I tried adding a feedback box to the site, but it was immediately bombarded with spam. So I’ve pulled it out. If you need to contact me, there is an email button at the bottom of this page. Please use that.



Updating my website from that keyboard doesn’t appear to work. 


Yes, everything looks different.

My web hosting service has changed, and I’m in the process of tweaking the layout, adjusting the overall look, and adding content.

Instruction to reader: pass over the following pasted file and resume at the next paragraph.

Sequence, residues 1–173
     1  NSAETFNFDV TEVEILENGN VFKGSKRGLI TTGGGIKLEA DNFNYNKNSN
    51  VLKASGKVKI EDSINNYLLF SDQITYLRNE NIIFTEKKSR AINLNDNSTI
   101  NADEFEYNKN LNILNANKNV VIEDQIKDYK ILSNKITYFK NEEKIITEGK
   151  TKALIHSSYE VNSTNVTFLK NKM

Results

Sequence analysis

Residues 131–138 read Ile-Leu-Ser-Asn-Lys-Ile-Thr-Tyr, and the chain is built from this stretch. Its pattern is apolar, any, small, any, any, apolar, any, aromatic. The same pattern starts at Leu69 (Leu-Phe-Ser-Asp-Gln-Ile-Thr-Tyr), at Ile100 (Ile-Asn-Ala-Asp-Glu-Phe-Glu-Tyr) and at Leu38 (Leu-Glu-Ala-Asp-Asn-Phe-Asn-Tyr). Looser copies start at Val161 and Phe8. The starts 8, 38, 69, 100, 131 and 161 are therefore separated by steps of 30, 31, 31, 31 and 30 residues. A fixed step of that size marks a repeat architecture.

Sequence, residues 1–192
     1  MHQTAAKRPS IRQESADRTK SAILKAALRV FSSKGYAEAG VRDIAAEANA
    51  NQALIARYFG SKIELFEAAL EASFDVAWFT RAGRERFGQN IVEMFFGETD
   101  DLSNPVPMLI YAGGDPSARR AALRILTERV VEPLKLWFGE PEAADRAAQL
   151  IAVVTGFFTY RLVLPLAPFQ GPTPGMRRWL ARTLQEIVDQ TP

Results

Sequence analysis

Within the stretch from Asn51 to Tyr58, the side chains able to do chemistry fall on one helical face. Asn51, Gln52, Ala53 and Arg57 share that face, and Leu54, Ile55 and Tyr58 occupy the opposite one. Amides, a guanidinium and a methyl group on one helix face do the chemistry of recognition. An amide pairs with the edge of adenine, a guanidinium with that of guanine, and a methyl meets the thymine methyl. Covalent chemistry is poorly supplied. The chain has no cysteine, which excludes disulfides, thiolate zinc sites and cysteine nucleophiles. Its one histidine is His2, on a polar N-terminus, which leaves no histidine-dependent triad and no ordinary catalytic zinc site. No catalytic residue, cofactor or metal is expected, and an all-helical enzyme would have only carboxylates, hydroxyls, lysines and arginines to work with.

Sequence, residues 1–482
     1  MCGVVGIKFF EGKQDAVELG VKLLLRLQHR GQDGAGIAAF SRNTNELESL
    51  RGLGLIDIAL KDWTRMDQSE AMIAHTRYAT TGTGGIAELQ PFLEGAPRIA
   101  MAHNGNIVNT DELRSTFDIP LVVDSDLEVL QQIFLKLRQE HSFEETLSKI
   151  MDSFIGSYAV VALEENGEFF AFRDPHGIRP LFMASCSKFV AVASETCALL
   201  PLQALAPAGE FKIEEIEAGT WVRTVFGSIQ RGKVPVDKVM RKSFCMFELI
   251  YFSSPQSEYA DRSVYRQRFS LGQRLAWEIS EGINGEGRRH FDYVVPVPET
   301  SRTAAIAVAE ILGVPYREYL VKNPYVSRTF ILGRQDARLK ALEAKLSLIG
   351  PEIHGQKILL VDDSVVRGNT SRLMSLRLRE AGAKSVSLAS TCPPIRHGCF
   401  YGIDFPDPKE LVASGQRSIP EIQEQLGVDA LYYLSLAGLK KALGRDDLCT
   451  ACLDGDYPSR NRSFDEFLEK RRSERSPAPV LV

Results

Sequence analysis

For regular visitors of the old site, welcome back! You’ll notice many new things here. I would love to get some comments and feedback on it.

If you are a new visitor, hello and welcome! This is where you’ll find info on my latest writing projects, publication news, writing tips, reviews, videos, audio clips, photographs, and more. I’d love to hear your thoughts. You can leave a comment below, or send me a direct message by clicking the email button at the bottom of the page.